Mike (Fletcher) is the newest member of the quintet. After recording Immune to Clockwork we were mostly gigging as a quartet (Waclaw (Zimpel) lives in Poland and I think has only actually gigged with us once!) but for the album launch I thought it ought to be a quintet, like the recording. At the time I was doing a lot of touring with Mike’s trio, also with Jeff, and really loved playing with him, definitely a musical soulmate. I asked him to do the launch gig, and it was so much fun having him in the mix that I invited him to join the band. This is definitely my favourite line-up I’ve had, and one I hope to continue with.

Q What is it about the number 5 – what opportunities does it bring you, as compared to a duo, trio or quartet?

A As discussed above, it wasn’t an entirely conscious decision, more a process. But I love having the three horns. One of my influences as a composer is the sensation of a synagogue full of people singing together which I experienced regularly as I was growing up. Having the three-horn front line allows us to approximate some of that feeling of collectively creating that kind of sound. I rarely write harmony parts – most of the time the three horn players are improvising their own take on the same compositional content.

Q The quintet features slightly unusual instrumentation – C melody sax and cornet rather than alto and trumpet? Was that the individual musicians’ decision or yours?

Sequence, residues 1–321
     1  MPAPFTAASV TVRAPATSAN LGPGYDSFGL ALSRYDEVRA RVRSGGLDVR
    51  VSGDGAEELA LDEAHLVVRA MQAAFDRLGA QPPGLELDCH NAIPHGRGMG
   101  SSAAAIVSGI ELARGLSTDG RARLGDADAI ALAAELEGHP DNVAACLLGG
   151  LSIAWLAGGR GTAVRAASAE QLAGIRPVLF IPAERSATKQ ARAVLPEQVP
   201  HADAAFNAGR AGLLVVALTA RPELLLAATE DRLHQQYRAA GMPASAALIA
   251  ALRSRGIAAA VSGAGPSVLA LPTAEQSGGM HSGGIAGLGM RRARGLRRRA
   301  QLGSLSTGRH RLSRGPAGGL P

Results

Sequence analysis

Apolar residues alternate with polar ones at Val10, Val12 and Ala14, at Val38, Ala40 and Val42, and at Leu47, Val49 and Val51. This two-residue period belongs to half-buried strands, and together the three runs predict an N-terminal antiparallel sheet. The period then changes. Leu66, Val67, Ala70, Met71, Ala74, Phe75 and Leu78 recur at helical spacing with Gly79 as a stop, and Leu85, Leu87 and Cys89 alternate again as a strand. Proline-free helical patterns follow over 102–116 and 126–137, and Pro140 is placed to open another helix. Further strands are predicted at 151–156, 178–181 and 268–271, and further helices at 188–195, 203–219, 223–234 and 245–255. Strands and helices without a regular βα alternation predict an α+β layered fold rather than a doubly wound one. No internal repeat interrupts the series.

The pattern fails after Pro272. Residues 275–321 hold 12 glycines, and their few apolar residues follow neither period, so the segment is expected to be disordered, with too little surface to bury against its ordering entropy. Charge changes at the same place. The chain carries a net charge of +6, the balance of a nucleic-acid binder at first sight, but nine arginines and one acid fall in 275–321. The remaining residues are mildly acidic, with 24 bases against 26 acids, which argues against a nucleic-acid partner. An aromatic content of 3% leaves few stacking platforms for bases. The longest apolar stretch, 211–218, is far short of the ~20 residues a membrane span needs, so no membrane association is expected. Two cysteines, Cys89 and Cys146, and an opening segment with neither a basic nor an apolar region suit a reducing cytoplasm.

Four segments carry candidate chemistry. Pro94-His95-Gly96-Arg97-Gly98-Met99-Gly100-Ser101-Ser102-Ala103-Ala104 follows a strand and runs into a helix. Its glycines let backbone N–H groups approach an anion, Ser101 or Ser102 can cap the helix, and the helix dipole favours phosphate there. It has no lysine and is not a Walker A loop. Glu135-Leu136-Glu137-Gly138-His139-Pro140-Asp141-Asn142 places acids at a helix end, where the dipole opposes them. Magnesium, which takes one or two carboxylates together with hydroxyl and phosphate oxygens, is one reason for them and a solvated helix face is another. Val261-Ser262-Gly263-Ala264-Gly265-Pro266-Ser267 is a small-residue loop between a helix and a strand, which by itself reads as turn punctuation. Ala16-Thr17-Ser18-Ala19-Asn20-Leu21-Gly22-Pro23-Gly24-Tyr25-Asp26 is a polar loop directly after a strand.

That’s entirely down to the musicians involved, and in fact Mike has recently switched back to mainly playing alto and might not play C melody on the tour. Alex’s transition to cornet is quite recent, he plays trumpet and pocket trumpet on my quintet record.

Q You recorded with the quintet in 2014 and are now embarking upon an England/Wales tour. How does the band and its music in a live performance compare with the same band in the recording studio?

The first and most obvious answer is that the personnel has changed since we recorded the album, Immune to Clockwork. George Crowley has replaced Mark Hanslip on tenor, and Mike Fletcher’s alto sax replaces Waclaw Zimpel’s alto clarinet.

The music has changed in other ways as well though – my playing relationship with all the musicians involved has developed, both in this band and other projects. I think the musicians are more familiar with what I’m trying to do as a composer, and are therefore able to be more assertive and bring their own characters ever more into the mix. The writing has developed too, hopefully – I recently wrote a blog article about influences on my composing, which can be found HERE.

  • For full details of Olie Brice’s music, including discography and tour dates – they begin the tour at The Spotted Dog in Digbeth, Birmingham, on Tuesday 24 May – go to his website HERE.

Categories: Interview

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2 replies


  1. ‘Jazz Breakfast’ interview | Olie Brice
  2. Bristol jazz week – 23 May | Mainly jazz in Bristol